The German Classics of the Nineteenth and Twentieth Centuries, Volume 10 eBook

This eBook from the Gutenberg Project consists of approximately 628 pages of information about The German Classics of the Nineteenth and Twentieth Centuries, Volume 10.
in literary form, of his motto “Erst waegen, dann wagen!” From the very threshold of his death we possess as the sum total of his philosophy of life those already mentioned Consolatory Thoughts on the Earthly Life and a Future Existence.  From the point of composition and style these are highly interesting because of the fact that, beside the final version, three extant parallel versions show the gradual working out of form and thought.

Something remains to be said about Moltke the correspondent.  The letters preserved or published fully justify his being ranked among the best letter writers in German literature.  Here, more than elsewhere, the subtle and finer characteristics of the man, the son, the brother, the friend, the gentle and always kindly responsive nature of a thoroughly human and Christian soul are revealed.  Above all, however, and side by side with Bismarck’s noble letters to his fiancee and wife, stand Moltke’s charming and devoted letters to Mary Burt von Moltke.  I shall not venture to describe their wealth of sentiment, of charm, of love, of interest in matters big and small.  One of the long series, however, stands conspicuous among them; it is addressed to his fiancee, dated Berlin, February 13, 1842.  Charming in its combination of a protective, paternal, and instructive attitude with that of the lover and prospective husband, it is unique also because of the advice given about the gentle art of writing letters, an art in which the great modern strategist excelled.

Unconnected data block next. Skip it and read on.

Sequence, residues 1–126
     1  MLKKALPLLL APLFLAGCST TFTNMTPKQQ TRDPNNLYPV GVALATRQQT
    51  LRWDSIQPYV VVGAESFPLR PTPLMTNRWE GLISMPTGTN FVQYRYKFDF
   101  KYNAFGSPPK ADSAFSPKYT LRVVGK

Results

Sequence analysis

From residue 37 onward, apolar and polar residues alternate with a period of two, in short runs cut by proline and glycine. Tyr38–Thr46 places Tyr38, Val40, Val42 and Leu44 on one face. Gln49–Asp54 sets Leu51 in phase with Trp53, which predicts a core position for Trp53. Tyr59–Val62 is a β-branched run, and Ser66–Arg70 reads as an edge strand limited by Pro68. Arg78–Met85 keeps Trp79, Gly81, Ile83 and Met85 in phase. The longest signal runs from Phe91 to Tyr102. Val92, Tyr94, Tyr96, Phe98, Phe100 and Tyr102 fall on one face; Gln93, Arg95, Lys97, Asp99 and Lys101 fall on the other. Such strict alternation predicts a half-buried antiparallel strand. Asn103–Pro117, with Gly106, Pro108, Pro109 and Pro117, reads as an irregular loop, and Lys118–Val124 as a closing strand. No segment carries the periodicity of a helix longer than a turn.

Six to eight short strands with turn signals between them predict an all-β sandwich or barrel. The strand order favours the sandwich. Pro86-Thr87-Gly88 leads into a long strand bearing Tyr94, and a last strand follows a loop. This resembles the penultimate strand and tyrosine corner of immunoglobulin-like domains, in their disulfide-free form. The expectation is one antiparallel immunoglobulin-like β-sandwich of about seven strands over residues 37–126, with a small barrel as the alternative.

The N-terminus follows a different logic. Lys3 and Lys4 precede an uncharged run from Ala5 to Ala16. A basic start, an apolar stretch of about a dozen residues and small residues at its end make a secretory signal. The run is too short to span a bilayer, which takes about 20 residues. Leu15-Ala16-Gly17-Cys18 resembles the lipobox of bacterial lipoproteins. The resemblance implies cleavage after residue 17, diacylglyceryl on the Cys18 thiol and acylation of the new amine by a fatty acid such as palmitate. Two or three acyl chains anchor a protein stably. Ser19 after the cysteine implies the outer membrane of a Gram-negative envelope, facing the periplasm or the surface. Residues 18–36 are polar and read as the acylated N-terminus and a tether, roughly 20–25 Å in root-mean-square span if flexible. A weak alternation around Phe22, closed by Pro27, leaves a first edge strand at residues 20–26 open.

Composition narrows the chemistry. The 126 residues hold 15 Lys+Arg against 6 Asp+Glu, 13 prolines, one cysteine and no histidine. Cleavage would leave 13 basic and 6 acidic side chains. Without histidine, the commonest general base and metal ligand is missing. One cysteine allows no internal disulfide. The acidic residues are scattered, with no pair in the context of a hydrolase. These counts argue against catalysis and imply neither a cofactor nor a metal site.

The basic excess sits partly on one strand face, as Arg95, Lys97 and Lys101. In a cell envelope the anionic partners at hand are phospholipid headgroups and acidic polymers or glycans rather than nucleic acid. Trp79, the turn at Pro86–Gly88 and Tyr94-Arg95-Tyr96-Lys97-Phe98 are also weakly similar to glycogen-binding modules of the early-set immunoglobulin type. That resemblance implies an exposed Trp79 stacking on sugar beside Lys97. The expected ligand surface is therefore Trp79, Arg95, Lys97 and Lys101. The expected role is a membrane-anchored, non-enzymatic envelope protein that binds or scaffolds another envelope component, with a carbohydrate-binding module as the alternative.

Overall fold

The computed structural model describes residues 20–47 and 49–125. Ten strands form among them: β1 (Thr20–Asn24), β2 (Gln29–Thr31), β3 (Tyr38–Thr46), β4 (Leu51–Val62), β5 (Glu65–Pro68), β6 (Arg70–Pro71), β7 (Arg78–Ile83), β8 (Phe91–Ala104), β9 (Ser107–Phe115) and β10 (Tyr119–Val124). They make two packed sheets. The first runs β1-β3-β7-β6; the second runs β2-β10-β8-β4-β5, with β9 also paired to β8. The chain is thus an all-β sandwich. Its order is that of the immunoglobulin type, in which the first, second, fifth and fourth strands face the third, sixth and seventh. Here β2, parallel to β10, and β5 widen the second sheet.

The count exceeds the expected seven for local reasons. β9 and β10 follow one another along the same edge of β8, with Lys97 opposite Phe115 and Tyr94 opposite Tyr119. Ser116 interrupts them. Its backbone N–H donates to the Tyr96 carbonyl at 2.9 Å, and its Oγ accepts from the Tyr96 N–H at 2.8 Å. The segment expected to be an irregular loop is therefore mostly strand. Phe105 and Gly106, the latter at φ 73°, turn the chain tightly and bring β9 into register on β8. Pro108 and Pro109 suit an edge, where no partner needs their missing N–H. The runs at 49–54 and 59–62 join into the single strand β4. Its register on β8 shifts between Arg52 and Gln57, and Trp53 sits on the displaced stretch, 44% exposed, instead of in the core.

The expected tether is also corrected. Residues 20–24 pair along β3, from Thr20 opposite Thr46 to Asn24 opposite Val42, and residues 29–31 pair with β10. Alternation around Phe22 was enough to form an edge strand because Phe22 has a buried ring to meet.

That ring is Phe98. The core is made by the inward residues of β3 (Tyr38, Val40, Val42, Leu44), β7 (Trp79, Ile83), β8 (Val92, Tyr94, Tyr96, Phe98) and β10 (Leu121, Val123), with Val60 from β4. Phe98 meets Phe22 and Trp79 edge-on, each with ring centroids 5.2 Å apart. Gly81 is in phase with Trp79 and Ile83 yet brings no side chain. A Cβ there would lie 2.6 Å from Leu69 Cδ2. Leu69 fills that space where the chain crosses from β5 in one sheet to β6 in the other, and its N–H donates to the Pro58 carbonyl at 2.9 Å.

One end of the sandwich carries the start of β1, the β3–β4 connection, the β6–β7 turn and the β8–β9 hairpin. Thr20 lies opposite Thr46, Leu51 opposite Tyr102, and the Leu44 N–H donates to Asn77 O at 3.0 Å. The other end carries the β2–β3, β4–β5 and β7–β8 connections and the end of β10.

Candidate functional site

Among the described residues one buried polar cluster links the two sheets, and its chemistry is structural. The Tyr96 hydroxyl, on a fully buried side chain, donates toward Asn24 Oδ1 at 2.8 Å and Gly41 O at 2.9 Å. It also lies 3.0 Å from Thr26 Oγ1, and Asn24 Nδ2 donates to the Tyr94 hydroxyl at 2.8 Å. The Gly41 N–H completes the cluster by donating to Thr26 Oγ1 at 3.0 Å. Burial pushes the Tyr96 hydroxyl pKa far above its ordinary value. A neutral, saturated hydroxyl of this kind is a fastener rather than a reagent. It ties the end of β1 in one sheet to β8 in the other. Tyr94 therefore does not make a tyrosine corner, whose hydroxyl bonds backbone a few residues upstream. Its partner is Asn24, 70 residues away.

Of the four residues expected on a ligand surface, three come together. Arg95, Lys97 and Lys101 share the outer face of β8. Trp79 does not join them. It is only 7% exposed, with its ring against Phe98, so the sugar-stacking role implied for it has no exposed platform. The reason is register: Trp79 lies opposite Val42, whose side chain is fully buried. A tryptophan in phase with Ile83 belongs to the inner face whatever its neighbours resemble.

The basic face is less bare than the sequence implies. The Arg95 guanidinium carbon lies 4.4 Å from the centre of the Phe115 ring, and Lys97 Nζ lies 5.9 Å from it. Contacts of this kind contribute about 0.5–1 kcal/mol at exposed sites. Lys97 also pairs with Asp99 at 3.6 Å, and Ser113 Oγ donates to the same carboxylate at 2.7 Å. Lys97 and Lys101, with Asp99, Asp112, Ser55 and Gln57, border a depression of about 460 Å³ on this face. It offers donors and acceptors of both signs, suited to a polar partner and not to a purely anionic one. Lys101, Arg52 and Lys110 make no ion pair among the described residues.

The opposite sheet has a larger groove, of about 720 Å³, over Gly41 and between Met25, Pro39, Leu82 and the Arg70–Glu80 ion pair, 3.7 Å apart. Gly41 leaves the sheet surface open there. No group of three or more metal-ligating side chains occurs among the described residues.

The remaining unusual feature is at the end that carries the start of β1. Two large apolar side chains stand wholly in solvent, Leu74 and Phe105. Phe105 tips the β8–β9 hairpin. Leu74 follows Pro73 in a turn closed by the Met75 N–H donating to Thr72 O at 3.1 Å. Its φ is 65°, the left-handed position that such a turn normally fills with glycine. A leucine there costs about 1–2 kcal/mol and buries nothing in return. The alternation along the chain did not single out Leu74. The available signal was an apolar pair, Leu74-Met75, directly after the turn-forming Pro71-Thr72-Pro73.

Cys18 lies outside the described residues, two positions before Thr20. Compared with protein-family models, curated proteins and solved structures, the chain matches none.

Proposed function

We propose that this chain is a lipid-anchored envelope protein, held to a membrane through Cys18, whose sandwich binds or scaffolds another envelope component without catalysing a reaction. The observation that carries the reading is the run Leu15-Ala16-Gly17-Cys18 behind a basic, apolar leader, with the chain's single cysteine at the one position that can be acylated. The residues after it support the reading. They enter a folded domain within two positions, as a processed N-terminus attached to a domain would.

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[Moltke spent four years, from 1836 to 1839, in Turkey, and, as was his habit, sent detailed accounts of his experiences to his family.  After his return to Prussia, he collected his material, revised it, omitted all intimate family references, and published it under the title Letters Concerning Conditions and Events in Turkey.  The book contained sixty-seven letters.  The following is the tenth letter, dated from Pera, April 7, 1836.]

For a long time it was the task of the armies of western Europe to set bounds to the Turkish sway.  Today the powers of Europe seem anxious to keep the Turkish state in existence.  Not so very long ago serious concern was felt lest Islam gain the upper hand in a great part of the West, as it had done in the Orient.  The adherents of the prophet had conquered countries where Christianity had been rooted for centuries.  The classic soil of the apostles, Corinth and Ephesus, Nicea (the city of synods and churches), also Antioch, Nicomedia, and Alexandria had yielded to their strength.  Even the cradle of Christianity and the grave of the Saviour, Palestine and Jerusalem, did homage to the Infidels, who held their possessions against the united armies of the western knights.

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The German Classics of the Nineteenth and Twentieth Centuries, Volume 10 from Project Gutenberg. Public domain.
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